|19||San Diego State|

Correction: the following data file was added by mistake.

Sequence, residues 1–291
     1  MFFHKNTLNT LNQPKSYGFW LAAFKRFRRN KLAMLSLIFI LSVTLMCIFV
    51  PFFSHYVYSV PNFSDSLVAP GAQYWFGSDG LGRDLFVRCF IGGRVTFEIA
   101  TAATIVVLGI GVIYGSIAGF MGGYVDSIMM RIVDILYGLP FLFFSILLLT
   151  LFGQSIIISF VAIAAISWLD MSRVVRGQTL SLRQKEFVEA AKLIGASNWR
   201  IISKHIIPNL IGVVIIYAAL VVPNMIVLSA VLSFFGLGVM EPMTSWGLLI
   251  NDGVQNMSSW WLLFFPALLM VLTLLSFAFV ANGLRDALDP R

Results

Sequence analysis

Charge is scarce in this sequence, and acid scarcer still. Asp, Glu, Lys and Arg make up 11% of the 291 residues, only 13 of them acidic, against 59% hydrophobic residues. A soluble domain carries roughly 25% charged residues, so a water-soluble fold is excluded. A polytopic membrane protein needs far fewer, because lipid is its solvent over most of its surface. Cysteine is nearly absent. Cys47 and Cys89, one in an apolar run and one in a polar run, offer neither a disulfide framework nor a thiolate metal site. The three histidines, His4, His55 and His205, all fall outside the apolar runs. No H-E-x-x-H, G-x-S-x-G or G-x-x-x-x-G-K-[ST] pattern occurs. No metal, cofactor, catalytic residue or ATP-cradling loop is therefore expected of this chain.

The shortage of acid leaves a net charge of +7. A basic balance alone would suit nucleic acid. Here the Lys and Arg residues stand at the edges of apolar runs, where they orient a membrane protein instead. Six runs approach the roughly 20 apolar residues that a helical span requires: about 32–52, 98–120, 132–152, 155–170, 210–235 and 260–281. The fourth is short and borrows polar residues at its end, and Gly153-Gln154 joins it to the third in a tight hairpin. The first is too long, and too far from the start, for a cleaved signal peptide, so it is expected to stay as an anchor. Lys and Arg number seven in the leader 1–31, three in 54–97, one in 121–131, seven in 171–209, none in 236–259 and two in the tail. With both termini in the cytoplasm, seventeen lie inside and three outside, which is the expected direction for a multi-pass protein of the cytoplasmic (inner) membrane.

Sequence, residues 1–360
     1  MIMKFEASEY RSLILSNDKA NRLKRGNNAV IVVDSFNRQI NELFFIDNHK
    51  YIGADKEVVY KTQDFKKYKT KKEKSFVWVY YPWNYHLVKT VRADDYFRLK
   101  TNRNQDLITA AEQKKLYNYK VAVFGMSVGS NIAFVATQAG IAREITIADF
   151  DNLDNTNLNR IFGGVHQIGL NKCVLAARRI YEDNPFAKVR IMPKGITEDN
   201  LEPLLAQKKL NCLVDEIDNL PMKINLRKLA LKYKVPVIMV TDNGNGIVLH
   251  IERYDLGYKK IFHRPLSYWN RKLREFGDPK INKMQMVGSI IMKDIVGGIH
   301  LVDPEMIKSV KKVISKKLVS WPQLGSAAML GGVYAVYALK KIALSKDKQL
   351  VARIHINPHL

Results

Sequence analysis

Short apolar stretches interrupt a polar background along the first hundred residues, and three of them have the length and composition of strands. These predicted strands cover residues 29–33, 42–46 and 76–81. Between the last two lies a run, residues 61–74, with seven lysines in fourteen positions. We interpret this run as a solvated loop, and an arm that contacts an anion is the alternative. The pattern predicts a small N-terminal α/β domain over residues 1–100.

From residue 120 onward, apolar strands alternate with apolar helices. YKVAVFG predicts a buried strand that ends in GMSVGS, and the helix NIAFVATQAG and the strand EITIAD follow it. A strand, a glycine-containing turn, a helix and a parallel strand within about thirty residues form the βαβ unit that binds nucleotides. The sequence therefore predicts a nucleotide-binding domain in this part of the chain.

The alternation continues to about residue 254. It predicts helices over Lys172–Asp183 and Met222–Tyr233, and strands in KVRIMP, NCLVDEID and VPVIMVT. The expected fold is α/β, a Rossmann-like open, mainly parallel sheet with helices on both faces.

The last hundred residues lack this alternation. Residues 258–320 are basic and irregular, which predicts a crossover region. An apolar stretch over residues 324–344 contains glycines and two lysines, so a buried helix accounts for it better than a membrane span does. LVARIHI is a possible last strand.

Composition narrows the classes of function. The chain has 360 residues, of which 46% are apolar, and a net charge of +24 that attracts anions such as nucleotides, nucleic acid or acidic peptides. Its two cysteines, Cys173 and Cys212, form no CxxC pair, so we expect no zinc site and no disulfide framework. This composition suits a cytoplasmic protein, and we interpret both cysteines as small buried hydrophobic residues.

I rank teams mostly by resume, as if the season ended today and I were ranking them for the tournament. I am not trying to find the “best” team, I’m trying to find the “most deserving team”. In other words, my rankings are backwards-looking, not forwards-looking. ------------ I use eye-test evaluations along with computer metrics to inform my rankings. I do not place additional weight on more recent games. Having a good record against a good schedule is the most important thing for my rankings. Sometimes, a team may have an excellent resume despite poor SOS (such as previous years’ Gonzaga), or a poor resume despite a great SOS (some .500 power conference teams). If your team wins more games against its schedule than other teams would win against that same schedule, then your team has a good resume. ------------ FAQ: ------------ 1. Why is my team ranked so low? My team is ranked #5 in kenpom! -- It’s likely that your team has a resume that’s relatively poor. I bet your team will do pretty well later in the season, but until then, I’ll rank the team with the better resume higher. ------------ 2. Why is that team ranked so high? They don’t even have any ranked wins! -- That team likely still has a good resume! A win against an okay team can be just as good as a win against a great team, depending on where the game is played. An average top-25 team is as likely to win on the road against the #75 team as it is to win hosting the #10. ------------ 3. How do you have Team A ranked over Team B? Team B just whalloped Team A! -- Single game results are only a small part of a team's larger whole body of work. Team A dropped in my rankings according to how bad their loss was, and Team B rose according to how good their win was. I don’t assign any additional weight to the game.